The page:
“Uh, it was good. Fun, you know,” I said, shrugging.
“Did you make any connections?”
Now my Spidey sense was tingling. “Oh, well, they won’t send us our matches for another half hour so…” I trailed off, scanning the passing crowd for my sister.
“I really wanted to get into your session, but there wasn’t any room,” he continued.
“Bummer.” Seriously, though, where was my sister when I needed her?
“I’d really love to get to know you a bit more. Here’s my contact info.”
He handed me a bright blue card. “Enjoy the rest of the con.”
A smile, a handshake, and I was free. “Thanks. Have a good one.” I crammed the card in my pocket and dashed up the stairs to meet my sister.
I didn’t give the card much more thought until I threw my coveralls into the hamper that night. The front looked innocuous enough: his name, a short list of his interests, and contact information. When I flipped to the back, it said:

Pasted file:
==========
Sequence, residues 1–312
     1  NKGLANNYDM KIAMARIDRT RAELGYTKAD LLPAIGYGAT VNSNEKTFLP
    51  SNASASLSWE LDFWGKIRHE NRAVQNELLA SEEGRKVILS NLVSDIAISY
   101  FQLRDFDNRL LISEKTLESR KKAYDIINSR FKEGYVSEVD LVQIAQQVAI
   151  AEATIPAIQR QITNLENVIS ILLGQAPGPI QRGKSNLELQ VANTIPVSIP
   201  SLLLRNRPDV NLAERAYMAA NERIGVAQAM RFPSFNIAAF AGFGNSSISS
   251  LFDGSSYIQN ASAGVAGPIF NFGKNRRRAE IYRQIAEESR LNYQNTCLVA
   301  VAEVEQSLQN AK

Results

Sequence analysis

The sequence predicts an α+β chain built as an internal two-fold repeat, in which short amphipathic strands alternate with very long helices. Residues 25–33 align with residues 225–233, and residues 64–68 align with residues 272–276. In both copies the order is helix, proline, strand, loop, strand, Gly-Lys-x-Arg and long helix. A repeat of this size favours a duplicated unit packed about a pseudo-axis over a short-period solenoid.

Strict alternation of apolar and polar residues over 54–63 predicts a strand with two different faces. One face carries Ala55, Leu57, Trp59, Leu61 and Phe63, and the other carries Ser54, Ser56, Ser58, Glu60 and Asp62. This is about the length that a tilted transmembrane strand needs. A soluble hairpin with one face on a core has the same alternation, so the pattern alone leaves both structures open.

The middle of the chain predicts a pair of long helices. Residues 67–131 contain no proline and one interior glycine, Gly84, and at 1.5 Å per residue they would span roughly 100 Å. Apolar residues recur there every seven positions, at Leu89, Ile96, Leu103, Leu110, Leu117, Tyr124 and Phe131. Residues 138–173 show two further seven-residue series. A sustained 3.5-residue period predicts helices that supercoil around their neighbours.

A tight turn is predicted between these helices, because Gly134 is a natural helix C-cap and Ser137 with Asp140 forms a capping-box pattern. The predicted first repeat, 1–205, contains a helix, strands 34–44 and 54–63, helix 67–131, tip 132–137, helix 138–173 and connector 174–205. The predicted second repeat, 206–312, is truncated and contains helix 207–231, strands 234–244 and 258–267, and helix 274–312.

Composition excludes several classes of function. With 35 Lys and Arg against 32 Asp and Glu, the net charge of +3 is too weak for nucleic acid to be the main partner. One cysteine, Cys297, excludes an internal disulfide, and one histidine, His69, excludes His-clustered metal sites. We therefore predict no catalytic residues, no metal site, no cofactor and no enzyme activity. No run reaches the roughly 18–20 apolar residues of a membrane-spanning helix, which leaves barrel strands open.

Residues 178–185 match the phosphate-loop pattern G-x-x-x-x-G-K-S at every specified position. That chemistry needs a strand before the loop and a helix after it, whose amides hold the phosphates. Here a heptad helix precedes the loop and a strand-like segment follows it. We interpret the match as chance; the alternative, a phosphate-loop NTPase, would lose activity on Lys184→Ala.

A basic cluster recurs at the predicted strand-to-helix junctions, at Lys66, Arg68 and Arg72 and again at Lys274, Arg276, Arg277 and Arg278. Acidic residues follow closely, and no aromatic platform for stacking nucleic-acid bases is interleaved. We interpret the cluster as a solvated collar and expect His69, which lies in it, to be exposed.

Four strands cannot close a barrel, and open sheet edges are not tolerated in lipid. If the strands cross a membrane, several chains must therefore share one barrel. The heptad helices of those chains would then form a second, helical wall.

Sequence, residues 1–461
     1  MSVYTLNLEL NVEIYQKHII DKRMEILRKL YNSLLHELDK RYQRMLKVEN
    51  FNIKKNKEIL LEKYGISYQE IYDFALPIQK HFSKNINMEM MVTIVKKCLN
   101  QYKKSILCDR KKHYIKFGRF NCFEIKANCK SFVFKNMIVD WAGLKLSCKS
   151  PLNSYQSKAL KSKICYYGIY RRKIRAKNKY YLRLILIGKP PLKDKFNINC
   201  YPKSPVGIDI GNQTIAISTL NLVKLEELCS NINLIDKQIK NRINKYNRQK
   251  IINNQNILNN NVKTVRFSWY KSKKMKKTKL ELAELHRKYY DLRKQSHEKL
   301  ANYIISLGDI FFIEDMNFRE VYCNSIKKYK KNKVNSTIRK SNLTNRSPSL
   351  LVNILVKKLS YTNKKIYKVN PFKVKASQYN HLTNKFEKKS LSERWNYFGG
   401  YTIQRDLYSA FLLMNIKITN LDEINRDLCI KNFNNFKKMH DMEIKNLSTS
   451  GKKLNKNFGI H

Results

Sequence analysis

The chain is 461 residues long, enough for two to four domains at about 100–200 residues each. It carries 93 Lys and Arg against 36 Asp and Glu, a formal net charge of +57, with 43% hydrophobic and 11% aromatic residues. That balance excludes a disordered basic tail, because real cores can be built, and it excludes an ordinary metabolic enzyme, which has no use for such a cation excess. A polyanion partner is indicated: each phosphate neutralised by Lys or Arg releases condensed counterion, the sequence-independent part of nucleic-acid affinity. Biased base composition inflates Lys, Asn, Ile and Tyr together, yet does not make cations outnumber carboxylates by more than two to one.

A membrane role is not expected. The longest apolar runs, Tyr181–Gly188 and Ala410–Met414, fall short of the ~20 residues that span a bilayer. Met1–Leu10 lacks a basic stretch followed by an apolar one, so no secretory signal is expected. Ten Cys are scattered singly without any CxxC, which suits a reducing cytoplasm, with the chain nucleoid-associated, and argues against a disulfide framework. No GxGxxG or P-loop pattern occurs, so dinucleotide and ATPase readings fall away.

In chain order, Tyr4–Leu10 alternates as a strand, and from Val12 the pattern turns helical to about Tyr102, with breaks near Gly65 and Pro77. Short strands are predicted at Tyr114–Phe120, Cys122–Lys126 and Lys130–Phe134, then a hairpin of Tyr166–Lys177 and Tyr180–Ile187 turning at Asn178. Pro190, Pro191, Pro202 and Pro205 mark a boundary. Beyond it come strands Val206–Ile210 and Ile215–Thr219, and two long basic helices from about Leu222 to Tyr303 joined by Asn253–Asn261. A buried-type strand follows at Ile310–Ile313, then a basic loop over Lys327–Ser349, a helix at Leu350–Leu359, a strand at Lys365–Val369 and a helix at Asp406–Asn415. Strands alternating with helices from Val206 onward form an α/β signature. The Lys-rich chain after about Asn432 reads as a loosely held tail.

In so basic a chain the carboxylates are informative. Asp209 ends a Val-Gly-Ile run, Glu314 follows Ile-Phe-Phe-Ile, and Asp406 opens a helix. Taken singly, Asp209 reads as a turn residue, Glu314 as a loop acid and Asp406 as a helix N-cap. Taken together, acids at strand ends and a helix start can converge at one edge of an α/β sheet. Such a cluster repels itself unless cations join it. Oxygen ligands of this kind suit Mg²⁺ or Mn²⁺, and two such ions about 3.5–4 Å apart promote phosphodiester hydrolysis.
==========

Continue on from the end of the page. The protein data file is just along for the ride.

I think you are Funny, Smart, Fun, and Cute.
That makes you someone I’d like to hang out with and get to know better.
I don’t have your number so feel free to give me a call!
This card raised a few questions. 1) How many of these does he carry with him? 2) Did it cost extra to have them printed in color? 3) If a single girl only meets one of his criteria, does he cross out the second, third, and fourth adjectives? I bet if I called him, he would answer all of my questions. I still carry the card in my wallet as a reminder to always speed date with a buddy.
C2E2 did not yield a love connection for me, at least not this year. Perhaps I would have better luck at the Cityswoon speed dating events in Chicago. Still, at the end of the day, I could say I met the man of my dreams.
*All names (with the exception of Timothy Omundson) have been changed to protect the innocent.
Featured image via screengab. Marlowe gif via Tumblr. All other photos courtesy of the author.